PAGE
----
Where do we get omega-3 and omega-6 fats?

Omega-3 fats are in:

  • Fatty fish like salmon, mackerel, anchovies, sardines, and trout
  • Flaxseeds and flaxseed oil
  • Walnuts
  • Soybeans
  • Tofu
  • Rapeseed oil
  • Fortified foods like eggs and some margarine, juices, and yogurts

Omega-6 fats are in:

  • Soybeans
  • Corn
  • Safflower and sunflower oils
  • Nuts and seeds
  • Meat, poultry, fish, and eggs

Other vitamins and nutrients and where to source them

Iodine - Your body uses iodine to make thyroid hormones. These hormones control how fast your cells work. In the UK, the recommended iodine intake for adults is 140 micrograms per day. Every vegan needs a reliable source of iodine in their diet. It can be found in plant foods, such as cereals and grain and seaweed. A non-seaweed supplement is arguably the most reliable way of meeting your body’s need for iodine. However, too much iodine can be dangerous as it can interfere with thyroid function. The NHS recommends taking 0.5mg or less a day of iodine supplements as this is unlikely to cause any harm.

Zinc - Zinc is an essential trace mineral. The body does not produce or store excess zinc so it must be consumed regularly as part of our diet. Only very small amounts are required in the body. Zinc is important for a healthy metabolism, a healthy immune system, wound healing, taste, and smell. For adults in the UK, recommended daily zinc intakes are 7mg (milligrams) for women and 9.5mg for men. It is possible to get all the zinc you need from eating a varied vegan diet and good sources of zinc include beans, chickpeas, lentils, tofu, walnuts, cashew nuts, chia seeds, ground linseed, hemp seeds, pumpkin seeds, wholemeal bread, and quinoa.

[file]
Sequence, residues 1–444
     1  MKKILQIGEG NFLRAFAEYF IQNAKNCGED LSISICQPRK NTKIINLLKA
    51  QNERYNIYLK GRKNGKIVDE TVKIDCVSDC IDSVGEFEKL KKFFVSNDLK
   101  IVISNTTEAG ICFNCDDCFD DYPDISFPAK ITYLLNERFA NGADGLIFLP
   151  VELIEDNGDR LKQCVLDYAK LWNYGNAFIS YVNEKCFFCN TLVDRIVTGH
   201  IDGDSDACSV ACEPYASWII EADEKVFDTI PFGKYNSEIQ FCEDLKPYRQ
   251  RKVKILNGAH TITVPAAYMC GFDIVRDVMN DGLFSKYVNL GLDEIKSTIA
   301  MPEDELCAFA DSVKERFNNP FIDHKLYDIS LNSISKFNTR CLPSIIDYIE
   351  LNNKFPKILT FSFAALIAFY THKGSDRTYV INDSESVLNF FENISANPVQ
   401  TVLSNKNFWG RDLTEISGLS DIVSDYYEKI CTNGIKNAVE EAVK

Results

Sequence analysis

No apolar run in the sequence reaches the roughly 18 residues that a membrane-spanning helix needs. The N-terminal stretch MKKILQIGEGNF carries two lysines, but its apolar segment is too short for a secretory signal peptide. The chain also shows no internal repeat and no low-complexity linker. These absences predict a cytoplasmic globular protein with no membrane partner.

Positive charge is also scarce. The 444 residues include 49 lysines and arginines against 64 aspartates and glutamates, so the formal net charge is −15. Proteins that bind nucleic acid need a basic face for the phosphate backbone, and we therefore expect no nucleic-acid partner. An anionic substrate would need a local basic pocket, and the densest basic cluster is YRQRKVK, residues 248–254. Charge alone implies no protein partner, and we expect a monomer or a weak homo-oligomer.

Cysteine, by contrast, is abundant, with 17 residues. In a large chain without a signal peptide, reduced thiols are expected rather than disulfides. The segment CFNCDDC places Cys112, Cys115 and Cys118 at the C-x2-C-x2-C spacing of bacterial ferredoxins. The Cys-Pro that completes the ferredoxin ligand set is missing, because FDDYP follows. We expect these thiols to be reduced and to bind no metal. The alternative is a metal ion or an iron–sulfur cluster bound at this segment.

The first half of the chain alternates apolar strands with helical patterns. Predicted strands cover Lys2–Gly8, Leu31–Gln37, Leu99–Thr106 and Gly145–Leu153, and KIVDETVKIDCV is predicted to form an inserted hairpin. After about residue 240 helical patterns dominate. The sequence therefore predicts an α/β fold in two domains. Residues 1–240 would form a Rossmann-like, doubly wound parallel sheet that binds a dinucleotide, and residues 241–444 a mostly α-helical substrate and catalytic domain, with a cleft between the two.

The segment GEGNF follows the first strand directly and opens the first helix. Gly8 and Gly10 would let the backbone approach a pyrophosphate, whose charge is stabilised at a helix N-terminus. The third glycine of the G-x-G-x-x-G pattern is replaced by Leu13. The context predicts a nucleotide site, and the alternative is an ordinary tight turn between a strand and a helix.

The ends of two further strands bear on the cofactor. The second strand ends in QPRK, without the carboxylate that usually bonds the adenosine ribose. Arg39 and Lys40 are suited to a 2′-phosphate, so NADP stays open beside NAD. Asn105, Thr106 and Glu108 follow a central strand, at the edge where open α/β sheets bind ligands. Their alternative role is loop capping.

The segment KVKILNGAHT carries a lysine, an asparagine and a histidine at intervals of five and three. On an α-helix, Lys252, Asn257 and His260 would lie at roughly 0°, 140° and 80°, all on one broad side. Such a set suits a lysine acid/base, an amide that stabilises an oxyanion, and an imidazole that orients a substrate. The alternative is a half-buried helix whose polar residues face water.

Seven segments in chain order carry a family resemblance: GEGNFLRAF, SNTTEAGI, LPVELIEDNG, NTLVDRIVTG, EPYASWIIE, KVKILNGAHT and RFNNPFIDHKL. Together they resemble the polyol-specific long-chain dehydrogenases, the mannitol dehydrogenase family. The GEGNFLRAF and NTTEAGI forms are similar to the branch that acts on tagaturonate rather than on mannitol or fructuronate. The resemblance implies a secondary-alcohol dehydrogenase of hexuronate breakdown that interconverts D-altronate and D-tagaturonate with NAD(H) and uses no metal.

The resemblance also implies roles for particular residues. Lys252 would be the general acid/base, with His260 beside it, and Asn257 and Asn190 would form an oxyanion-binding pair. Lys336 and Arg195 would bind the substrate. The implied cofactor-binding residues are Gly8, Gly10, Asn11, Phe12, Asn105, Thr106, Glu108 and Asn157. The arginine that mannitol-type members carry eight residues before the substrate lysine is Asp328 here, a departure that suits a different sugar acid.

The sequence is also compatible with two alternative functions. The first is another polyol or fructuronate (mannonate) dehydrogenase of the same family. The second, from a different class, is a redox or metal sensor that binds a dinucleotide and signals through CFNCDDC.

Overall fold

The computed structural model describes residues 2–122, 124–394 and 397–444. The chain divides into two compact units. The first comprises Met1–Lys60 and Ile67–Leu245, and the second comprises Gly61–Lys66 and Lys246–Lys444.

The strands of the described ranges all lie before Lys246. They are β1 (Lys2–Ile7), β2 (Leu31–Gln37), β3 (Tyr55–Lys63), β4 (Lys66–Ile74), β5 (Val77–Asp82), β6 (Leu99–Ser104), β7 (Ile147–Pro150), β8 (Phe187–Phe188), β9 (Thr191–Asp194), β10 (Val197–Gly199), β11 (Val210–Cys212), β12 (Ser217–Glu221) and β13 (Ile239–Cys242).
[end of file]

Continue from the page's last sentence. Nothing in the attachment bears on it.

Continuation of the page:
Selenium - Selenium is part of many important enzymes, which are substances that speed up reactions in our bodies. In the UK, recommended daily intakes of selenium for adults are 69 micrograms for women and 75 for men. It is important to avoid eating too much selenium as it can be toxic and cause a condition called selenosis. One of the best sources of selenium is brazil nuts. Alternatively, a supplement can be used to guarantee a reliable selenium intake.

Vitamin A - Vitamin A, also known as retinol, supports the immune system to work properly, helps with vision, and keeps the skin healthy. The amount of vitamin A adults aged 19 to 64 need is 0.7mg a day for men and 0.6mg a day for women. Though vitamin A is found mostly in animal products, our bodies can turn the antioxidant beta-carotene from plant foods into vitamin A. Good sources of beta-carotene can be found in yellow/orange, red, and green leafy vegetables such as spinach, carrots, sweet potatoes, and red peppers. It can also be found in yellow/orange fruit, such as mangoes, apricots, and cantaloupe.

Vitamin K – Vitamin K is essential for blood clotting and therefore wound healing. It is also needed to keep bones healthy and strong, and low levels have been associated with an increased risk of osteoporosis and arthritis. There are two types of vitamin K - K1 and K2. Vitamin K1 is found in leafy green vegetables such as kale, spinach, Swiss chard, parsley, romaine, and green leaf lettuce. It is also in vegetables such as Brussels sprouts, broccoli, cauliflower, and cabbage. One of the best sources of K2 is in the Japanese fermented soybean products natto and miso. Just as beta-carotene is converted into vitamin A in our bodies, bacteria in our gut can convert K1 from plants into K2, so it is possible to get adequate amounts of both K1 and K2 on a plant-based diet.


References:

  1. https://www.nhs.uk/live-well/eat-well/vegetarian-and-vegan-diets-q-and-a/
  2. https://www.nhs.uk/live-well/eat-well/the-vegan-diet/
  3. https://www.nhs.uk/conditions/vitamins-and-minerals/vitamin-b/#:~:text=How%20much%20vitamin%20B12%20do,vitamin%20B12%20from%20your%20diet.
  4. https://www.nhs.uk/conditions/vitamins-and-minerals/iron/
  5. https://pubmed.ncbi.nlm.nih.gov/2507689/
  6. https://www.nhs.uk/conditions/vitamins-and-minerals/vitamin-d/#:~:text=If%20you%20choose%20to%20take,aged%2011%20to%2017%20years.
  7. https://www.ncbi.nlm.nih.gov/pmc/articles/PMC2666480/
  8. https://www.ncbi.nlm.nih.gov/pmc/articles/PMC6221888/